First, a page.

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```							            Copy Propagation

• What does it mean?
– Given an assignment x = y, replace later uses of x
with uses of y, provided there are no intervening
assignments to x or y.
• Similar to register coalescing, which eliminates copies
from one register to another.
• When is it performed?
– At any level, but usually early in the optimization
process.
• What is the result?
– Smaller code

1
Copy Propagation

• Local copy propagation
– Performed within basic blocks
– Algorithm sketch:
• traverse BB from top to bottom
• maintain table of copies encountered so far
• modify applicable instructions as you go

2
Copy Propagation
• Algorithm sketch for a basic block containing instructions i1, i2, ..., in
for instr = i1 to in
if instr is of the form 'res = opd1 op opd2'
flag = replace(opd1, instr) || replace(opd2, instr); /* no short-circuit */
if instr is of the form 'res = var'
flag = replace(var, instr); /* replaces var with var2 */
if flag is true /* then we need to update the table */
if instr is of the form 'res = opd1 op opd2'
if the table contains any pairs involving res, remove them
if instr is of the form 'res = var'
insert {(res, var2)} in the table
endfor

replace(opd, instr)
if you find (opd, x) in table /* use hashing for faster access */
replace the use of opd in instr with x
return true
return false                                                             3
Copy Propagation
b=a
c=b+1
Example: Local copy propagation on basic block:                 d=b
b=d+c
b=d
step    instruction        updated instruction          table contents

1        b=a               b=a                          {(b,a)}
2        c=b+1             c=a+1                        {(b,a)}
3        d=b               d=a                          {(b,a), (d,a)}
4        b=d+c             b=a+c                        {(d,a)}
5        b=d               b=a                         {(d,a), (b,a)}

Note: if there was a definition of 'a' between 3 and 4, then we would have
to remove (b,a) and (d,a) from the table. As a result, we wouldn't
be able to perform local copy propagation at instructions 4 and 5.
However, this will be taken care of when we perform global copy      4
propagation.
Copy Propagation

•   Global copy propagation
–   Performed on flow graph.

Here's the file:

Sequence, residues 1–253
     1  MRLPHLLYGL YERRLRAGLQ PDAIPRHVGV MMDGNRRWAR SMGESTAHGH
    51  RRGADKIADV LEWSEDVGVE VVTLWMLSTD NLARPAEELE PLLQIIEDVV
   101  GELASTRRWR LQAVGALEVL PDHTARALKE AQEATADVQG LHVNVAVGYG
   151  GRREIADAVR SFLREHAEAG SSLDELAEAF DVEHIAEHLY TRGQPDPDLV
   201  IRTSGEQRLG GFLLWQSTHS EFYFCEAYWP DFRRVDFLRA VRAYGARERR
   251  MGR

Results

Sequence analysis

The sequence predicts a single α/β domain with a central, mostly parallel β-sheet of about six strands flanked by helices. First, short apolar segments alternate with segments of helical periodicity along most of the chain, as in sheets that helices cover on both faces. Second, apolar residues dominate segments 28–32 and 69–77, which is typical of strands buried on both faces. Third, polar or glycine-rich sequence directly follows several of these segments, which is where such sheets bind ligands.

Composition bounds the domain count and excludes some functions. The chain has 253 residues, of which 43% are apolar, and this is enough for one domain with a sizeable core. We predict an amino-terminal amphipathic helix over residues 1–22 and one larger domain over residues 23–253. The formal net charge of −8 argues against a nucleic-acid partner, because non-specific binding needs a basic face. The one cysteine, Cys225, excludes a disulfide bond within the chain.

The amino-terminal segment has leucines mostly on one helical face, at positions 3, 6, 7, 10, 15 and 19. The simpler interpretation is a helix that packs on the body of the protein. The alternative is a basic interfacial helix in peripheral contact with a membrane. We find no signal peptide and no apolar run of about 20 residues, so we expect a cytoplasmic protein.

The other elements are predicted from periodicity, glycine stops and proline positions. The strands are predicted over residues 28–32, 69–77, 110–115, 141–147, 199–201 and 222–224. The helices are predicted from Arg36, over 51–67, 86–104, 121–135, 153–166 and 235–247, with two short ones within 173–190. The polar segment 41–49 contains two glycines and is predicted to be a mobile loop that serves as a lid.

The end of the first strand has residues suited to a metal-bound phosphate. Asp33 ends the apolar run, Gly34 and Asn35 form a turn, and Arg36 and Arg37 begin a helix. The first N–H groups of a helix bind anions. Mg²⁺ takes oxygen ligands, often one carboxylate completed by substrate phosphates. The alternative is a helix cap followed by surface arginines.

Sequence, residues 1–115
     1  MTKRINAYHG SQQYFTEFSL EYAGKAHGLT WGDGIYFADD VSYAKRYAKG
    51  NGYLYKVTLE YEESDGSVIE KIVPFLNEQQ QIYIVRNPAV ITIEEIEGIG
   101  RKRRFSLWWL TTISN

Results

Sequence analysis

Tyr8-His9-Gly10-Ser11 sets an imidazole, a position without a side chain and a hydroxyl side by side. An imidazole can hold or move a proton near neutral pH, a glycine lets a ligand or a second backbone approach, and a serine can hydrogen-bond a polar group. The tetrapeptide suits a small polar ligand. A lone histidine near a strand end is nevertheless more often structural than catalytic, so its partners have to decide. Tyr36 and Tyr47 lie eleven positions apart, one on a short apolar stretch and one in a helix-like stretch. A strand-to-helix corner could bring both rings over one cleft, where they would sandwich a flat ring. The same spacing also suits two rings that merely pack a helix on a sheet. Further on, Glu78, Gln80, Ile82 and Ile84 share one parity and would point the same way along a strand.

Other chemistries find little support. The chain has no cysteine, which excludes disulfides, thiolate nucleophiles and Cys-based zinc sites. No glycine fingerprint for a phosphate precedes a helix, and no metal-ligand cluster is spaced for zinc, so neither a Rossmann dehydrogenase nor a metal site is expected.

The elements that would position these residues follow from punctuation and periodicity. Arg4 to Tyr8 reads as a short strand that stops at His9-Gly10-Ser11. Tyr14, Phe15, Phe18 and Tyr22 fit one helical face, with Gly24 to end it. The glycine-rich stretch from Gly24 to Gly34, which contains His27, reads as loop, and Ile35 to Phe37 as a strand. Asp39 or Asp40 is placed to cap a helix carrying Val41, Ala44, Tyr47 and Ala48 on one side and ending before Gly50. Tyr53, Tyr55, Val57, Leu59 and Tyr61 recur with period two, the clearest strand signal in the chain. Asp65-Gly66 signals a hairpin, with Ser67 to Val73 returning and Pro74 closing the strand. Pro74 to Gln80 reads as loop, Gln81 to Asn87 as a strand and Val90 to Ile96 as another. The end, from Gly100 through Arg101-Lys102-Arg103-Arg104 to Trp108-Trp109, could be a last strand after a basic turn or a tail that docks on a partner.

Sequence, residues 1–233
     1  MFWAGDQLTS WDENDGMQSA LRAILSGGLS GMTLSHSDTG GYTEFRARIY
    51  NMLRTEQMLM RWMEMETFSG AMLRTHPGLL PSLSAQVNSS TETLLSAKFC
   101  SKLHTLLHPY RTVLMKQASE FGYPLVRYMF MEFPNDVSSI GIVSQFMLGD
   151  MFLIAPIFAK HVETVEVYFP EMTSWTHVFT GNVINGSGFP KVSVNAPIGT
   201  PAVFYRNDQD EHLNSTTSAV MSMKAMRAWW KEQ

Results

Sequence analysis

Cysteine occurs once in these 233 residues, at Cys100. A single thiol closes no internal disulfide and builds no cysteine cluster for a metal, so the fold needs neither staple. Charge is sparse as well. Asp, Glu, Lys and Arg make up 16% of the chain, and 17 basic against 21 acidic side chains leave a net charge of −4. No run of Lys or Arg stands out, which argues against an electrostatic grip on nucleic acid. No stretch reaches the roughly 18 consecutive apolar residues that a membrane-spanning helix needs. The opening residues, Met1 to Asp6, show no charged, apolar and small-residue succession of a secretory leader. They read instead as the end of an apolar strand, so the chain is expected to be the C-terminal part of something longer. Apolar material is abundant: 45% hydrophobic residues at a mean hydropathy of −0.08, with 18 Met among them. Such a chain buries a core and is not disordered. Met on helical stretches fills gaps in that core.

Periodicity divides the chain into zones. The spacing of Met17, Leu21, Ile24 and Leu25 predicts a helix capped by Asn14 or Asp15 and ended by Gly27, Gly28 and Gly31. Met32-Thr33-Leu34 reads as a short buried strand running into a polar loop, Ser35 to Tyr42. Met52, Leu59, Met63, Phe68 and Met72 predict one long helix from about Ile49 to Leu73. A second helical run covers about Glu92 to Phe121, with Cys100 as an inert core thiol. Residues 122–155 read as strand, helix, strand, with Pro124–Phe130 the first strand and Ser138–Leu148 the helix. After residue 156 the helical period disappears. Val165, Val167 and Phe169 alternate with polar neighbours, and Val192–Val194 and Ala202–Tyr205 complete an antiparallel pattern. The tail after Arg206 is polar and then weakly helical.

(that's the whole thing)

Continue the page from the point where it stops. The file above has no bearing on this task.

–   Given copy statement x=y and use w=x, we can
replace w=x with w=y only if the following
conditions are met:
1.   x=y must be the only definition of x reaching w=x
–   This can be determined through ud-chains
•    there may be no definitions of y on any path from
x=y to w=x.
–   Use iterative data flow analysis to solve this.
» Even, better, use iterative data flow analysis to
solve both problems at the same time.

5
Copy Propagation

• Data flow analysis to determine which instructions
are candidates for global copy propagation
– forward direction
– gen[Bi] = {(x,y,i,p) | p is the position of x=y in block Bi and
neither x nor y is assigned a value after p}
– kill[Bi] = {(x,y,j,p) | x=y, located at position p in block
BjBi, is killed due to a definition of x or y in Bi }
– in[B]=out[P] where P is a predecessor
– Initialize in[B1]=, in[B]=U for BB1

6
Copy Propagation
entry                            entry

c=a+b              dead code?    c=a+b
d=c                              d=c
e=d*d                            e=c*c

f=a+c                            f=a+c
g=e                              g=e
a=g+d                            a=e+c
a<c                              a<c

h=g+1              f=d-g      h=e+1                f=c-e
f>a                             f>a

b=g*a                            b=e*a
h<f                              h<f

7
exit                             exit
Copy Propagation

• Copy propagation will not detect the opportunity
to replace x with y in the last block below: